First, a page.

Today Jacob had his routine rheumatology appointment. I am happy to say all good reports today! His joints looked wonderful! Actually even better than usual because he has been on steroids for the past week for his tonsils. Almost every joint was perfect. His left knee still has a little limitation to it, but nothing to stress over. He feels great and looks great!!

While we were there today we discussed the ongoing tonsil issue. Jacob has been on the prednisone for the past week and also on Augmentin. His tonsils looked pretty good today. The meds seem to be helping. A few weeks ago when he was originally placed on Augmentin, he seemed to improve. Two days off of the antibiotic his tonsils were back to square one. I don' t know if the steroids maybe did the trick now or what. He will be off both meds in a few days so time will tell.

The rheumatologist would still like Jacob to be looked at by the ENT, at the hospital in Boston. He is scheduled there on September 17th. She feels as though we need to be sure if he really needs them out. He is a high risk for surgery due to him being immune suppressed. He would need to be off his arthritis meds for at least a few weeks during the surgery time. This would risk a flare up.

I also asked the doctor about the new warnings on the TNF inhibitors. The Humira specifically. The chances of malignancy from these meds is very minimal. The reality of it is that these drugs have been a miracle to say the least for so many kids. It is a risk but the benefit definitely outways the risk. The Humira is saving my son's vision. I think of what would of happened if it wasn't for this med. Uveitis is such a serious disease that still blinds people to this day.

As I said time will tell what is going to happen with his tonsils. For right now we will enjoy the last few weeks of summer vacation!

Friday, August 7, 2009


Never a dull moment... For about the last month or so ago, I have noticed that Jacob has been sounding a little stuffy. His voice sounded a little different. Off and on , he had been having issues eating. He would choke occasionally on food. About two weeks ago he started to sound really bad. I looked into his throat and saw his tonsils were huge!! I called the pediatrician. His dad took him in the the pedi and the doctor was worried about his airway closing. HE was almost going to admit him into the hospital but the local ENT agreed to see him right away. The ENT decided to try to put Jacob on Augmentin for 10 days and have him back to recheck.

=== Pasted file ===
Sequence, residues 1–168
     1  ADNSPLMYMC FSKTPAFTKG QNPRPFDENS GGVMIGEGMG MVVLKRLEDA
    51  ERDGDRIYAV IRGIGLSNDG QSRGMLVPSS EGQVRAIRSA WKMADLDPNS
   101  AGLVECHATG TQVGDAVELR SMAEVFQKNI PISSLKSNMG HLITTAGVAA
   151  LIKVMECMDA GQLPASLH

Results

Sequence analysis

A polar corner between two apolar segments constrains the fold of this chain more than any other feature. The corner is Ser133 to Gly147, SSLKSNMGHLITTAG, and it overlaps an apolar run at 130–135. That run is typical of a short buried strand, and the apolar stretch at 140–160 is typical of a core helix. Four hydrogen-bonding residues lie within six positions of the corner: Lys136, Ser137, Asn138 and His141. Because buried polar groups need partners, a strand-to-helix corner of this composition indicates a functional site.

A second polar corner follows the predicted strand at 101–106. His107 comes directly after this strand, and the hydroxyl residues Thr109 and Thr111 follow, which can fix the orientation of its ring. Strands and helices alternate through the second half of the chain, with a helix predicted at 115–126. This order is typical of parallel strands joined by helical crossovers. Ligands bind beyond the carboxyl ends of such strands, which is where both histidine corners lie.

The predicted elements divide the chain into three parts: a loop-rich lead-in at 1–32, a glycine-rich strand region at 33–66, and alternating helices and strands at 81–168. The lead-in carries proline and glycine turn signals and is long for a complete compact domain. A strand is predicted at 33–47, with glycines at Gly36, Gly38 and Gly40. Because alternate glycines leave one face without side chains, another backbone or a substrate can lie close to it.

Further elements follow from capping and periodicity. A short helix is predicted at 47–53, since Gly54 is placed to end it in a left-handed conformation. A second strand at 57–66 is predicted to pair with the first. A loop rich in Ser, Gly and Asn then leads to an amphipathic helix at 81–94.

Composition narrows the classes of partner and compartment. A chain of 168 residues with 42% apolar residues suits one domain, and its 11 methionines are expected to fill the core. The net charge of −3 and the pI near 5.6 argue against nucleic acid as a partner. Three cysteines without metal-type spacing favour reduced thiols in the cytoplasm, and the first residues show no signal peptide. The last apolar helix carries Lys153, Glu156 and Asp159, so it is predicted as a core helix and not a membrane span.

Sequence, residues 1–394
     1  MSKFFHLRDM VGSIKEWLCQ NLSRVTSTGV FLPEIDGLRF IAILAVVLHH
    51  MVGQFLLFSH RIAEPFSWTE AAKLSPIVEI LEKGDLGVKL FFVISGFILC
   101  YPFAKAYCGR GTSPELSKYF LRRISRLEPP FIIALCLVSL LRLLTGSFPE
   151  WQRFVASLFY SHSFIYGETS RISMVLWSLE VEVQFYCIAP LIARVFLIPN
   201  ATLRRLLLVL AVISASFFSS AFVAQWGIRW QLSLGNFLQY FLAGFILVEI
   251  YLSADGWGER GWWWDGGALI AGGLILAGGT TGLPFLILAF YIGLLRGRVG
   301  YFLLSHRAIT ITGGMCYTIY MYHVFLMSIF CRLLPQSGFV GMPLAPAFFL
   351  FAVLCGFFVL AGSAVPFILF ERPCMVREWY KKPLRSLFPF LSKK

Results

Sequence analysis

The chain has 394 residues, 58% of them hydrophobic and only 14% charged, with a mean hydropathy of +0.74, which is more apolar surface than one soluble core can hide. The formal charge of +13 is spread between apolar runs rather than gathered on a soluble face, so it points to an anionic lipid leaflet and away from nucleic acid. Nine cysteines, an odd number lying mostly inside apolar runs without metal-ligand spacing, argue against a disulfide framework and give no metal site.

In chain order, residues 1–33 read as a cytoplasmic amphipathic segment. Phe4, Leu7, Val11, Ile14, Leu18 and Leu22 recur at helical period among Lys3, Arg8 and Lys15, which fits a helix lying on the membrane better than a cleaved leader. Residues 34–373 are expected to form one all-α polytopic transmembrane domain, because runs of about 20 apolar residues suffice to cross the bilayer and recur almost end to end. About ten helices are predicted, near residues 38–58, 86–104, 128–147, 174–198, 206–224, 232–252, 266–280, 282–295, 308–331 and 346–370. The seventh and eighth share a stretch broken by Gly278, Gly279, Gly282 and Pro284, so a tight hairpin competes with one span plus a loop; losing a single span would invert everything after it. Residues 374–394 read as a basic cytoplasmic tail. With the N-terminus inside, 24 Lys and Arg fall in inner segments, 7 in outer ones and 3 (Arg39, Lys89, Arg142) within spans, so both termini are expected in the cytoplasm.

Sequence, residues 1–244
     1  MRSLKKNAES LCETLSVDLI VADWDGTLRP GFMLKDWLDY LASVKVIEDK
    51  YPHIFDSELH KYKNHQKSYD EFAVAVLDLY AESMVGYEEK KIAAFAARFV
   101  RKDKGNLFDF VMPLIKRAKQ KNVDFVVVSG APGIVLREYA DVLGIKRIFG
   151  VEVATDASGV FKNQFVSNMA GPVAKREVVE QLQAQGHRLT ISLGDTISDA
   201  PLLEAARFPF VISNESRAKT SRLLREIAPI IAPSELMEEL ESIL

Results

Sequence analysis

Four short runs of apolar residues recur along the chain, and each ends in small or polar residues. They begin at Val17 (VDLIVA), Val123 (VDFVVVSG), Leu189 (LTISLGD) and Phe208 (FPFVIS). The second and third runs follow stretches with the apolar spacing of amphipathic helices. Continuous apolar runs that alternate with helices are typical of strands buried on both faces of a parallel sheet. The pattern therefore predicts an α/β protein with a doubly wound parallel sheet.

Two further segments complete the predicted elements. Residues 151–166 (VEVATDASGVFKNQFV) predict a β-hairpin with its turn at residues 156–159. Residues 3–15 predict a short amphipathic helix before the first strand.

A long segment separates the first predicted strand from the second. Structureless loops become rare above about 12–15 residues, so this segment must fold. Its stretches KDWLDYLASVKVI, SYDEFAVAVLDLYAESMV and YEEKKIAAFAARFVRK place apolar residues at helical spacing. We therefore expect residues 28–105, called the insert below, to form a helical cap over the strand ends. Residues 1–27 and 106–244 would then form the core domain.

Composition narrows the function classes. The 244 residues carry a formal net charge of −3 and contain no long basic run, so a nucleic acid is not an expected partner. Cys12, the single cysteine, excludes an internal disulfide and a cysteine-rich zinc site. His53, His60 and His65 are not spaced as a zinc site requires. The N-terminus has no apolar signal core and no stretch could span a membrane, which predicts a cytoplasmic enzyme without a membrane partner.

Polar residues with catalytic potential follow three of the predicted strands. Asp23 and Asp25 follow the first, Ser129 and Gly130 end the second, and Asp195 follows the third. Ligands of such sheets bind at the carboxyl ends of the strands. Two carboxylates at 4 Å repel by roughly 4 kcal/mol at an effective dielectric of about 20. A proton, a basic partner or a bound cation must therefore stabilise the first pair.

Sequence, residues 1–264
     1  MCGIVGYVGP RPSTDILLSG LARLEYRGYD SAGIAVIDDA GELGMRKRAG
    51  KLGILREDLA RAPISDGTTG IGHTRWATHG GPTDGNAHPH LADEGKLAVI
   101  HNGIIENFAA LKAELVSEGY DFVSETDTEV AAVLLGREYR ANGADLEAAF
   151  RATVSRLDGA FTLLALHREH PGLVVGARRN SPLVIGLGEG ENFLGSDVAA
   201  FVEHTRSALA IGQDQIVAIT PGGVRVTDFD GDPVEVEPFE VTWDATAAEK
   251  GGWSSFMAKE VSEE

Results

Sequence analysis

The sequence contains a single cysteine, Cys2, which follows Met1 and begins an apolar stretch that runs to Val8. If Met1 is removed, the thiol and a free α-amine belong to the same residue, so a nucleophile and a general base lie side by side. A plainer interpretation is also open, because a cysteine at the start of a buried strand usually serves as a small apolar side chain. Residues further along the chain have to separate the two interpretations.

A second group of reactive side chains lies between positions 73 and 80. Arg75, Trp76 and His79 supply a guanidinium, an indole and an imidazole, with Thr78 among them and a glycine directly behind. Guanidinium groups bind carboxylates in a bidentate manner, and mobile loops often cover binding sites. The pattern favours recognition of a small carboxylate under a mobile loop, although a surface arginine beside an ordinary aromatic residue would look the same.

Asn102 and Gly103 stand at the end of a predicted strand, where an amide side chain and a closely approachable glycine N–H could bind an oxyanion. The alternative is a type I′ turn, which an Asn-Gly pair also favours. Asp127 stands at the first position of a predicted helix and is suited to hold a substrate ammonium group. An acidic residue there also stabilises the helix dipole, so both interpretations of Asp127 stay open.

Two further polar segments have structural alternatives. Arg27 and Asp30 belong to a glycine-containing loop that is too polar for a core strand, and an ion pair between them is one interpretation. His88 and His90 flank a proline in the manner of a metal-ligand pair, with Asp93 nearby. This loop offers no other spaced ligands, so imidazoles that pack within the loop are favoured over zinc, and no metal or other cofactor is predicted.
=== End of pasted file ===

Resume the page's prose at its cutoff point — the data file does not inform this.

This past Wednesday I took him back for the recheck. Jacob still didn't sound very good. The ENT is thinking at this point it would be a good idea to have his tonsils removed. We decided it would be best if he was to go to Boston to have his surgery. The office tried to set up the consultation at the hospital but the PEDI ENT was on vacation until next Tuesday.

Tonight, Friday night, Jacob seems to have gotten worse. He was choking on even soft foods. I called the ENT back and he put him on Augmentin again and also prednisone. The doctor didn't think the pred would do much but it is worth a try because he is having so much trouble right now.

So we wait to hear back for a date for the consultation in Boston.

Sunday, August 2, 2009

Two weeks ago I received a call from Nesse, who works at the Massachusetts Arthritis foundation. She called us to let us know she had tickets to a Minor League baseball game. The team The Lowell Spinner's play close by to us. I took Andrew and Jacob to the game. We had such a great time! I thought for sure the game would be rained out because it was drizzling when we got there, but the weather cleared just in time! These are a few pictures from the game. Thanks again to Nesse at the Arthritis foundation for thinking of us!

Tuesday, July 28, 2009

Biologics | Biologic Response Modifiers | Arthritis Today Drug Guide

Biologics | Biologic Response Modifiers | Arthritis Today Drug Guide

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Thursday, July 23, 2009

Wow what a difference a year makes!

These pics were taken about a year apart. Last year during Jacob's arthritis flare up he was losing weight like crazy. He lost maybe 10 pounds. I think he had went down to about 58 pds. This summer, flare free, he is up to about 75 pounds!! HE is feeling great and continues to do very well.

Tuesday, July 14, 2009

Bug bites part 2

Jacob went back to the rheumatologist last Thursday, but I forgot to post about it! His mosquito bites were still not healed yet. They were looking better, but not gone. His lymphnodes were still pretty large. The doctor still didn't want to put him back on his arthritis meds yet. The plan is to continue the antibiotics for the remainder of the ten days, and to email her a picture of his knee this Thursday. The doctor wants to be sure his knee is free of any infection before restarting. The end of this week it will be three weeks since he has had the MTX and the Humira. We are risking a flare up in the hopes that his body can fight off the infection. The medications as you know are immune suppressants.

I will be very curious to see what his eye exam shows when we return there in a few weeks.